Gudi Padwa & Ugadi Traditions with Turmeric for Wellness
In India, the Spring or Vernal Equinox (Basant Sampat or Vasant Vishuva) marks the celebrations of Gudi Padwa (in the western region of India) and Ugadi (in Andhra Pradesh, Telangana and Karnataka) to mark the beginning of the New Year.
The social and cultural fabric of India is so inextricably woven together with Turmeric, India’s ancient ingredient for skincare & wellness.
One of the significant rituals of Gudi Padwa is the preparation of the "Gudi," a decorated bamboo stick with a bright-colored cloth and a copper or silver pot placed at the top. Turmeric is used to decorate the Gudi, and it is believed to bring good luck, prosperity, and positivity into the house.
In addition, turmeric is also used to make a paste called "Kumkum," which is used to decorate the forehead of the deities and individuals during the festival. Turmeric is also used to make "Mango leaf Thoran," a decorative item that is hung on the main door of the house to signify good luck and prosperity.
"Puran Poli," a sweet flatbread filled with a mixture of jaggery and split chickpeas is a must-have during Gudi Padwa. Turmeric is added to the dough to give it a bright yellow color, and it is believed to symbolize the sun's warmth and energy. It is also used to give a lovely colour to “Shrikhand”, a sweet made from hung curd, another traditional dish eaten during Gudi Padwa.
In Ugadi, one of the significant rituals is the "Ugadi Pachadi" ceremony, where a special mixture made of various ingredients is prepared and offered as prasad to the deities. The mixture, also known as "Bevu Bella" in Karnataka, comprises six tastes- sweet, sour, salty, bitter, astringent, and spicy, which form the bedrock of Ayurveda, and which in the social context symbolize the different experiences of life.
Turmeric is one of the ingredients used to make this mixture, representing the bitter taste, which is considered critical for immunity building and overall good health.
Turmeric is used to make a paste called "Ubtan," which is applied to the skin during Gudi Padwa celebrations. The paste is believed to have cleansing and healing properties and is used to brighten the skin and give it a healthy glow. This ritual is also an integral part of the Basant Ritucharya or the daily routine during the Spring Season, as prescribed by Ayurveda to protect and nourish the skin. The paste is believed to have cleansing, detoxifying and healing properties that help to brighten the skin and give it a healthy glow.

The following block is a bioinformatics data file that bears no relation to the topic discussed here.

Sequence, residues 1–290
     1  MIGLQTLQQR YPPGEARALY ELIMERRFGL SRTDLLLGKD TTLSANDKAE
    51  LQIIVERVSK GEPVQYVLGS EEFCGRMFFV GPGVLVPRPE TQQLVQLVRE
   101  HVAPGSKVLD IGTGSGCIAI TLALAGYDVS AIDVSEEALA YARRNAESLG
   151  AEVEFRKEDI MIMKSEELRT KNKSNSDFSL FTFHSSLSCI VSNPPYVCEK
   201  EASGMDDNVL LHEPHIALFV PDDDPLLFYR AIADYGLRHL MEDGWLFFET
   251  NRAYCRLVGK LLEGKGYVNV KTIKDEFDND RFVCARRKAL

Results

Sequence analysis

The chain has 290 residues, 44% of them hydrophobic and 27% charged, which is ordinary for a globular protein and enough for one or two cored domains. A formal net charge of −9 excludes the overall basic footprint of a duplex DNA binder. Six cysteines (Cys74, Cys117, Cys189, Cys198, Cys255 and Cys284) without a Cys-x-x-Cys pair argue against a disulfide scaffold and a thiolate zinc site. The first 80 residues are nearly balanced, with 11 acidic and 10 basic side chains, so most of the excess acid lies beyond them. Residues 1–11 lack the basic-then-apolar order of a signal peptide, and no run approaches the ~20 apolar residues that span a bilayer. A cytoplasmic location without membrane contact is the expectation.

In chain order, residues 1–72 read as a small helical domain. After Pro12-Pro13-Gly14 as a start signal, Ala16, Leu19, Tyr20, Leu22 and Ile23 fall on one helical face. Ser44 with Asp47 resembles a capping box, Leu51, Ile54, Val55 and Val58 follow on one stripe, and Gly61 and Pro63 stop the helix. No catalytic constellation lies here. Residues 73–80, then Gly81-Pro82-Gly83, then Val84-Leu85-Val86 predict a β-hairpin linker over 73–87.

During the Spring season, the weather changes, and the humidity and heat can cause various skin problems, such as acne, rashes, and irritation. The ingredients in haldi ubtan, including turmeric, gram flour, and sandalwood powder, have antiseptic and anti-inflammatory properties that help to soothe and protect the skin from these problems.
Additionally, haldi ubtan helps to remove dead skin cells and unclog pores, leading to smoother and more radiant skin. In addition, this abhyanga routine with the ubtan or cleansing routine also acts to improve the circulation and improve the metabolism (digestive fire or jatharagni) and reduce the accumulated kapha element too.
Therefore, haldi ubtan is an essential part of the Basant Ritucharya to maintain healthy and glowing skin during the Spring season.
Overall, turmeric plays an essential role in the Gudi Padwa and Ugadi celebrations and is used in various rituals and decorations to signify different meanings and blessings. It is used in various ways to signify good luck, prosperity, and positivity.
To get the combined benefits of the Haldi Ubtan and Abhyanga on a daily basis, as recommended in the Ayurveda Dinacharya, and especially in the Basant Ritucharya, try the following 2 minute routine (instead of a 20-minute regime occasionally)-
Apply the Parama Naturals Turmeric Moisturizing Face & Body Oil on the whole body before or preferably after a shower, and let the turmeric work its magic on the skin and down to your deepest tissues.